When Levi returned he turned out the gas lamp and stood still by the bed for a moment as his eyes adjusted to the darkness. The curtains were thin, and there was a faint light filtering through from somewhere – a street lamp or the moon, Erwin couldn’t tell. Blinking, he found he could just make out Levi’s silhouette against the pale rectangle of the window.

“You staying the night?” Levi asked as he climbed into bed. Erwin reached for his hand, and Levi allowed him to take it.

“Yes, if you’ll let me.”

“Where does – where are you supposed to be?”

“In town, on business. And picking up the wedding photo from you.”

“The photo turned out well, anyway. She’s - very pretty.”

“Yes. Bright, too. That Erwin was pretty thoroughly smitten.”

Levi sighed in the darkness. “I wish you wouldn’t do that. It’s creepy.”

“I don’t know what else to do. He wasn’t me.”

“I know. But we agreed we wouldn’t do this. Not if one of us was already with someone. We agreed.”

“We did. But when I saw you, I knew it wasn’t going to work. I can act the part of a good husband to Rosalind, but I can’t love her. Not now I remember. It’s not fair on her, but it’s a fact I can’t change.”

Levi’s fingers tightened around Erwin’s hand. “We could arrange an accident,” he said. “The shop is full of combustible chemicals. A gas explosion would be quick. If you were supposed to be coming here anyway, we could do it tomorrow morning, as soon as the street’s quiet.”

“Too risky,” Erwin said.

“I’d make sure there was no one close by. The shop next door is empty. The other side – ha – he’s a funeral director. He’ll be at work.”

“Too risky for us,” Erwin said. “What if this is the last time we come back?”

“You always say that.”

“It’s always true. Would you risk it?”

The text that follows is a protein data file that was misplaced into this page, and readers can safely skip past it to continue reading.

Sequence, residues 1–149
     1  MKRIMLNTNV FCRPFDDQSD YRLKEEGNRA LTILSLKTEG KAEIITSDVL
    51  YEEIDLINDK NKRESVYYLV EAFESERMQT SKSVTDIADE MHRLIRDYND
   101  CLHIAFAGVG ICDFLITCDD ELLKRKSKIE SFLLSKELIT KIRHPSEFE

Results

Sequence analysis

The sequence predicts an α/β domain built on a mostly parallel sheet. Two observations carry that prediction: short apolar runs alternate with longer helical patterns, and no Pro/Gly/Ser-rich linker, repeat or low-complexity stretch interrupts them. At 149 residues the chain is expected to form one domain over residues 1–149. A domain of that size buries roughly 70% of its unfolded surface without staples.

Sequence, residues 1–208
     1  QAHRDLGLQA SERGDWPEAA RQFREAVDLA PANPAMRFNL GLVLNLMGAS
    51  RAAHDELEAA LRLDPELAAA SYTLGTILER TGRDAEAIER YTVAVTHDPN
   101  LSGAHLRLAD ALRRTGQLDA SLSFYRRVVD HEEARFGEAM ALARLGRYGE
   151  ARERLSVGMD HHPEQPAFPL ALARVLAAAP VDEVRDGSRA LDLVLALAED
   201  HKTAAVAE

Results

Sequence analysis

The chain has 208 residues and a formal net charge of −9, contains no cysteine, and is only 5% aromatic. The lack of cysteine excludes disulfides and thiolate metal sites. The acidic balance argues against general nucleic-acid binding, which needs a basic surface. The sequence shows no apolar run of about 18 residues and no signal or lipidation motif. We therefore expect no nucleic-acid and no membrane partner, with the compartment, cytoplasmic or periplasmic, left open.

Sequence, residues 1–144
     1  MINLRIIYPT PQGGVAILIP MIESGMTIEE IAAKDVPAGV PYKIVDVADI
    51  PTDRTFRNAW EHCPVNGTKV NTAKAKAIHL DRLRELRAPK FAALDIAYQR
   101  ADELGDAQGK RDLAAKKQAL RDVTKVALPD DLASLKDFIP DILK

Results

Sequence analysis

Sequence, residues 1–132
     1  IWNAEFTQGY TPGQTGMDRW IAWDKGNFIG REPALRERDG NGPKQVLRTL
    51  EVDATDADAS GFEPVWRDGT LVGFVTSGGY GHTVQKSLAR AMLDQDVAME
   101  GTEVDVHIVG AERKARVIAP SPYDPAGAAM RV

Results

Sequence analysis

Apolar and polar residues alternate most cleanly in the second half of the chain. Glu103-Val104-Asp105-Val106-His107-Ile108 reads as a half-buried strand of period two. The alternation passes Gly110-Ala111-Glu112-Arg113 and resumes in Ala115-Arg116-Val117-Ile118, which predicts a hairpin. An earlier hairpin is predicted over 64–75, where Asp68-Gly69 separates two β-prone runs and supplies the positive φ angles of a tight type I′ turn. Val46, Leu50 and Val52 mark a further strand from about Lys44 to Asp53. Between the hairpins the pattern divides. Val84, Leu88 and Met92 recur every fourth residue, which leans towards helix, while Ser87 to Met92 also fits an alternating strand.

“No, not really.”

Levi moved closer, resting his head on Erwin’s shoulder. Erwin stroked his hair. “I miss the undercut,” he said, running his fingers down over the nape of Levi’s neck and back up, the shape of Levi’s skull comforting in its familiarity under his hand.

“Might be back in fashion in a decade or so,” Levi replied, his fingers moving, restless, over Erwin’s chest. “Since it seems we’re not going anywhere.”

“I’m sorry,” Erwin said. “It’s going to be shit for you. I could develop a sudden passion for photography – a gentleman’s hobby. It would be an excuse to see you.”

“I’m not coming to your house,” Levi said. “You’re not introducing me to your wife. This is exactly why I ran, the other times.”

“And how did that turn out?” Erwin asked. “You as good as drank yourself to death, or ended up in some pointless duel, or in prison. And I –”

“Wasted your life looking for me,” Levi said. “Yeah, I know. I thought time would make it better – that we could both make a life apart - but once you know, you can’t live a real life can you? It’s like – being in a play.”

Erwin chuckled suddenly.

“What?” Levi asked.

“That Cockney accent you had when we met – I assume that’s your actual accent in this life? It’s going to be so odd listening to you talking like that when other people are around.”

“Well you sound like a right toff, gov’ner,” Levi countered. “That’s what I mean – that was my real voice, until I remembered, and now it sounds like - like a Cockney tradesman bit-part in a West End show.”

Erwin grew serious again. “It doesn’t matter what you sound like. We’ll stick to what we agreed as far as we can; I’ll do my best to give as convincing a performance as I can manage as Rosalind’s husband, you keep taking photographs, and we’ll meet when we can arrange it. It’s better than the alternatives – hurting everyone, or avoiding each other. And we’ll hope that there’s a next time, and that, if there is, we find each other before our lives are caught up with other people’s. If we keep coming back, we have to get lucky eventually, don’t we?”

“Unless this is hell, after all,” Levi said quietly.

Erwin bent his head and kissed the side of Levi’s cheek, then his mouth. “This isn’t hell, Levi.”

Levi said nothing to that, but he returned Erwin’s kiss with unusual gentleness.

“Makes a change to be able to sleep with you in a real bed, anyway,” Levi murmured, settling his head on Erwin’s shoulder again. “Those fucking hammocks on that frigate!”

Erwin put both arms around him, glad of the chance to hold him like that after so many years. “I wonder how we’ll die this time?” he asked.

“Tch. Morbid. As long as it’s quick.”

“As long as it’s together,” Erwin said.

“Yes,” Levi agreed, listening to the steady, strong beat of Erwin’s heart under his right ear. “I don’t mind it nearly as much when we’re together.”